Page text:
The best report, however, may seem like deja vu to KPIX viewers. On Thursday's 11 p.m. newscast, a special report explained the Isologen technique, or tissue engineering, which lets the body rebuild itself.

Essentially the same report airs on "30 Minutes" tonight. The piece features Santa Rosa plastic surgeon Dr. Greg Chernoff, who used the technique on a badly burned woman with wonderful success.

Oh, and you can also get rid of your wrinkles.

The first segment is about Ford Motor Company's feckless venture into alternative fuel cars. Its program with the city of San Francisco and, in particular, the electric Think cars, failed according to this report because Ford couldn't get enough people on board to make it profitable.

The weakest segment centers on former 49ers Joe Montana, Ronnie Lott and Harris Barton and their company, HRJ Capital. We're told it's one of the fastest growing investment companies in Silicon Valley. The company raises money and invests in start-ups, real estate and leveraged buyouts.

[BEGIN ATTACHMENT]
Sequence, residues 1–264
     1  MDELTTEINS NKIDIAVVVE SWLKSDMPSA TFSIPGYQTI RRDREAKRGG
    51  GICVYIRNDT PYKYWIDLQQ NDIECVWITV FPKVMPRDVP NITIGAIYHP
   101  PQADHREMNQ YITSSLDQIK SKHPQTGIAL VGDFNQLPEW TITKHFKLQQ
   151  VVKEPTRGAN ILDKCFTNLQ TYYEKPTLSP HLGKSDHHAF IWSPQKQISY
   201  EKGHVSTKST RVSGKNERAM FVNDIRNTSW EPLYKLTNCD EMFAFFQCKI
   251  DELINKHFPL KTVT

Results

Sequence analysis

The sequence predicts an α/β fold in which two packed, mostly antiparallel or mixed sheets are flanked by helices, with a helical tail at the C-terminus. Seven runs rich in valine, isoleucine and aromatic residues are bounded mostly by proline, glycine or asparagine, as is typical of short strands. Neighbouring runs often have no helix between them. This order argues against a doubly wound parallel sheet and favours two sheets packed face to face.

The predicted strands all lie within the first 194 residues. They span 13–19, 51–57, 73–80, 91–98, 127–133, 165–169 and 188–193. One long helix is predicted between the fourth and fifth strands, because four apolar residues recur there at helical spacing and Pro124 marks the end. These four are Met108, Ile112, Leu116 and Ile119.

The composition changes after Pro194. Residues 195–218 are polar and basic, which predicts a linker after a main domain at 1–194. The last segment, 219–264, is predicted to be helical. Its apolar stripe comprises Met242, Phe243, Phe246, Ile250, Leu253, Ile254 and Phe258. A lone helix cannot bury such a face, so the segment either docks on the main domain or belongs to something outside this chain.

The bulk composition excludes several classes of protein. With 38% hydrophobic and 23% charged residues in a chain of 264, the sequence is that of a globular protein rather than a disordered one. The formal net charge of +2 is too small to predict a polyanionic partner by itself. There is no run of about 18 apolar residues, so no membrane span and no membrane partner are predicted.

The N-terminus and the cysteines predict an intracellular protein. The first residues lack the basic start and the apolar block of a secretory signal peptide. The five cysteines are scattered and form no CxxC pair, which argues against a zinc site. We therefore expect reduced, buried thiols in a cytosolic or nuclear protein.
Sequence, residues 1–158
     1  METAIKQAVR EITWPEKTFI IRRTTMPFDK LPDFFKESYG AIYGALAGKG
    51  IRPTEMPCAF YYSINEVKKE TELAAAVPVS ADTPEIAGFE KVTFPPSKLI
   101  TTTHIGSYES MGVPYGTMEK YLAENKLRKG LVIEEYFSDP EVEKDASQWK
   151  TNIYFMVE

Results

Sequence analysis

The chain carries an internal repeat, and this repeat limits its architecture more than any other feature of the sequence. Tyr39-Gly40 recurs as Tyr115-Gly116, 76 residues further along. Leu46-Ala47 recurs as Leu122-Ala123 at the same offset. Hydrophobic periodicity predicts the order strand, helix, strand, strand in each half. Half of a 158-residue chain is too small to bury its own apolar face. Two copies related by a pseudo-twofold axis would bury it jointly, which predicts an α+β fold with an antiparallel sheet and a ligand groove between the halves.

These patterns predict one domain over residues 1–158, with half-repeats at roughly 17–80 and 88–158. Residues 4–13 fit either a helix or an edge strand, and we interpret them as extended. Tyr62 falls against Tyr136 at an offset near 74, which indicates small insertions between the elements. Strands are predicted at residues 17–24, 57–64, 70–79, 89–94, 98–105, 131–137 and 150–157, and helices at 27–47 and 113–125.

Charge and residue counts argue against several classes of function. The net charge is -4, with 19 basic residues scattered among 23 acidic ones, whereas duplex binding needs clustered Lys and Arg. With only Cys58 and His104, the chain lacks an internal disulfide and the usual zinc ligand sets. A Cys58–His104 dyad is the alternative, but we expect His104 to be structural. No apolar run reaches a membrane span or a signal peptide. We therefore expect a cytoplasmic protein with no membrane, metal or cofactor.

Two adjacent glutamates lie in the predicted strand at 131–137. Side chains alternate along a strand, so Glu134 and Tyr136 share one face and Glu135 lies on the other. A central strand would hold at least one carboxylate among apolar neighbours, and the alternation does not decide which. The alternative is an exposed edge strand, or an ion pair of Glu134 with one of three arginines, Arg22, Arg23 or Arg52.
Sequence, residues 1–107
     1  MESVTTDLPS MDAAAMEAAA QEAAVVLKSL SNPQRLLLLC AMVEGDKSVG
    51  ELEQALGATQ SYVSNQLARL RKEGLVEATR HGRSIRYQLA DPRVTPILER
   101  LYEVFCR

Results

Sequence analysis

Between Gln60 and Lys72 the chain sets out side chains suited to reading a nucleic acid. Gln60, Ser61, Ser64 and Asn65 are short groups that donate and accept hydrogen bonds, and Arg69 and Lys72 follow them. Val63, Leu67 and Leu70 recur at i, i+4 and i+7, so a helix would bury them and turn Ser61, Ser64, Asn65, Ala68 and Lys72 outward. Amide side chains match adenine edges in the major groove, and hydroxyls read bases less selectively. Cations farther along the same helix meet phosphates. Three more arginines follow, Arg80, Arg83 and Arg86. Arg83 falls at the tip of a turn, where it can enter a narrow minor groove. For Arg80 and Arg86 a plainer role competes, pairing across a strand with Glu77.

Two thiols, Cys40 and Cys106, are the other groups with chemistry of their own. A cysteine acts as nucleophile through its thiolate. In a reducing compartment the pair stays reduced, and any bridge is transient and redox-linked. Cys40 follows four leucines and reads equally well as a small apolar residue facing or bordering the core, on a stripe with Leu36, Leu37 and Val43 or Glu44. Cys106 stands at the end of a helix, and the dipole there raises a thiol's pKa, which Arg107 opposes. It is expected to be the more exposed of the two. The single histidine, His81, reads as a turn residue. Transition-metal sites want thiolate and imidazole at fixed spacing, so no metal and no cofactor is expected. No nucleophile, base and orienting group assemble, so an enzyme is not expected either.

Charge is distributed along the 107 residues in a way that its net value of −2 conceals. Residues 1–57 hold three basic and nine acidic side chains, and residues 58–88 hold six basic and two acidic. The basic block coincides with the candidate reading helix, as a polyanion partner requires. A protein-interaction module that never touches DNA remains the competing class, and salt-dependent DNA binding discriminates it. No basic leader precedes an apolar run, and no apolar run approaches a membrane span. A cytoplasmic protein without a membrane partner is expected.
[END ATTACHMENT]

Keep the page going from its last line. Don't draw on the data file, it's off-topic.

The reporter on the 49ers story, Joan Ryan, deserves her solid reputation as a columnist for the San Francisco Chronicle. But for her performance in this TV story, well, there's a reason why most of us write for newspapers instead of appearing on-air. Her voice is weak and reedy, and there's no on-screen charisma, which this story sorely needed.

A movie of destruction

And finally, file this under We Watch TV So You Don't Have To.

Instead of watching the four-hour catastrophe "Category 6: Day of Destruction" at 9 tonight and concluding at 8 p.m. Wednesday on CBS-Channel 5, you'd be better entertained standing in grocery store rush hour.

Or, you could throw caution to the wind and watch this natural disaster about three enormous weather systems that ultimately collide over Chicago. As if that wasn't enough, evil corporate types have taken short-cuts, so the power grid goes down at the hands of a hacker.

Of course, there's always the silly factor. Like, the ranting reporter trying to put out the real story. The city energy honcho cheating on his wife with a corporate spokeswoman/bimbo. And we haven't even gotten to the boyfriend holding up a bank because his girlfriend broke up with him.